6. Juicing

Juicing is a bit of a fad and people are often happy to assume they are able to get all the nutrients they need by adopting this habit, whilst also potentially boosting energy levels or losing a pound or two along the way!

In reality, by juicing lots of fruit or veggies we're stripping the fibre from these good quality wholefoods and we risk getting a quick sugar hit by guzzling too much juice at once.

Whilst opting for fresh juices may indeed provide you with a hit of energy initially, longer-term, you're more likely to experience energy slumps as your blood sugar levels are quickly reigned back in. Plus, in addition to this, juicing isn't particularly kind on your digestive system.

It's much more important to focus on chewing each mouthful of food properly in order to make the most of your food it terms of its nutritive value, plus chewing helps stimulate your digestive functions sufficiently.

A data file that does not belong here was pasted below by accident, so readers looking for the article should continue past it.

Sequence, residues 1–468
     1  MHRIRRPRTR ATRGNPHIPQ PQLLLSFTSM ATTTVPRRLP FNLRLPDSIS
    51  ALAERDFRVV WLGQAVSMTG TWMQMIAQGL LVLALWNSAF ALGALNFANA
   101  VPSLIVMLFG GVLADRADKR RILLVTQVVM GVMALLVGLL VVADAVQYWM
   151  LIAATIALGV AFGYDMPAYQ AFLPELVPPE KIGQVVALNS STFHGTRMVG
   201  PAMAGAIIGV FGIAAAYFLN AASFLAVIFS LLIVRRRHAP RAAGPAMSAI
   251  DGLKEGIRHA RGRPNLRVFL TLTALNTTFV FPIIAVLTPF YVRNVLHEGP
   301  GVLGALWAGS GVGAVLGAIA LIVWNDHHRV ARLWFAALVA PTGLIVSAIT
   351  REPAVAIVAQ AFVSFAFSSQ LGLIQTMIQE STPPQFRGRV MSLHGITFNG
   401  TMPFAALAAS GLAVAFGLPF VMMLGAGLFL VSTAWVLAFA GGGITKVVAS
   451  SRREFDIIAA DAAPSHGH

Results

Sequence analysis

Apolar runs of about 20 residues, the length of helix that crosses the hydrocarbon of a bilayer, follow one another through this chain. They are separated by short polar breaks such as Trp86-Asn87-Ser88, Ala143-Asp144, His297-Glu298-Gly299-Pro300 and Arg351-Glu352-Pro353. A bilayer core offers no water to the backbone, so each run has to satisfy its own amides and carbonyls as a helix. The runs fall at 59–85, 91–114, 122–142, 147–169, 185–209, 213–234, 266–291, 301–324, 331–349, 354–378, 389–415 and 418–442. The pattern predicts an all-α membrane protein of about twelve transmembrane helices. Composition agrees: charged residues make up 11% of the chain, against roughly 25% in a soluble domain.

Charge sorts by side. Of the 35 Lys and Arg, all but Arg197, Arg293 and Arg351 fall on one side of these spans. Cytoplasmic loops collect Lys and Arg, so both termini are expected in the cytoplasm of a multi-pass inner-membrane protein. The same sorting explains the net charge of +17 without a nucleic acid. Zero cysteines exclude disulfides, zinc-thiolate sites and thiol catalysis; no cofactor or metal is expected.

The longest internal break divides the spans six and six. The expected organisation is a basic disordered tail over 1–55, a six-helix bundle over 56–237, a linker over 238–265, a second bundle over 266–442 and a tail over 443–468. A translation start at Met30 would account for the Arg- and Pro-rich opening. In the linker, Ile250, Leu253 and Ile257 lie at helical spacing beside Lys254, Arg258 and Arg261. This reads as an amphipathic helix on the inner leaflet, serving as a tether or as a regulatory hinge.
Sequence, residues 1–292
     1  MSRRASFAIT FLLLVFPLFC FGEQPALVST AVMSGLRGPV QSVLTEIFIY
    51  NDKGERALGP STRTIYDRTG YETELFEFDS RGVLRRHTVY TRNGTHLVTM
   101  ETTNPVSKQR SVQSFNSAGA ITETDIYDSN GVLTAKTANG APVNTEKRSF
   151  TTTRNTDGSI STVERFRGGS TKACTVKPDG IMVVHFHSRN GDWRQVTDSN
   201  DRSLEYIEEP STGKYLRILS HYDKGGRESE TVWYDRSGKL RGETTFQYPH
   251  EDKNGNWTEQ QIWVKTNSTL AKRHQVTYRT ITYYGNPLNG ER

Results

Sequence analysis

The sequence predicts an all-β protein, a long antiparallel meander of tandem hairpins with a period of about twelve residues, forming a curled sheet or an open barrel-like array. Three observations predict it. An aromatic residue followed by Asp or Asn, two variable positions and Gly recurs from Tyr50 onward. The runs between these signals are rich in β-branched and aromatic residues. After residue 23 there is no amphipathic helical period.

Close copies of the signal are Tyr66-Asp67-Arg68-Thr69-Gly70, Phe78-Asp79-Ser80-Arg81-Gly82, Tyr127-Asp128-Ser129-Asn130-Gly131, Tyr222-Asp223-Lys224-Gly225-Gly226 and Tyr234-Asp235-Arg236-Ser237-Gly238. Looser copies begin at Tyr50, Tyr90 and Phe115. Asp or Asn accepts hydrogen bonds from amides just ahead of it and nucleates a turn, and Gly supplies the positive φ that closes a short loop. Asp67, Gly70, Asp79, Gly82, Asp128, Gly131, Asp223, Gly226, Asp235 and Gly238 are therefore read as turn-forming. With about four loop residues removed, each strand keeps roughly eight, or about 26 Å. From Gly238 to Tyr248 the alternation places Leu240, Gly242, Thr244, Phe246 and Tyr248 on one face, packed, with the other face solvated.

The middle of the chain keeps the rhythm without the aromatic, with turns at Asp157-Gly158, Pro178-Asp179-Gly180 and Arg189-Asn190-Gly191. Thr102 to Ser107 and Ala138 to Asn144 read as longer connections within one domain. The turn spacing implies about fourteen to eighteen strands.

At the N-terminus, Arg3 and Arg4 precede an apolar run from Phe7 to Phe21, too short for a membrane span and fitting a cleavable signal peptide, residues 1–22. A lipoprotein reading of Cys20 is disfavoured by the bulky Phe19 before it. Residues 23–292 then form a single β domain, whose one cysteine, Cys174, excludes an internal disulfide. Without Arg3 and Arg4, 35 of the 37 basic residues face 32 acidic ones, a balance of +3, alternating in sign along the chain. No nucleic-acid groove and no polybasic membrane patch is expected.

What's the best approach?

Of course, aiming to include more fruit and vegetables in your diet is never a bad thing; just don't be tempted by juicing everything in sight! Smoothies using whole fruits and vegetables are a better option as these contain less sugar when compared to the crucial fibre content!

Then, let's not forget about the more savoury options such as homemade soups, stews or curries which are the perfect way to incorporate veg, as well as fruit, into your regime. Below I've listed some of my favourite recipes that I urge you try:

15 Minute Rainbow Soup
Vegetarian Tomato Stew
Aubergine Curry

7. Washing down your food with liquids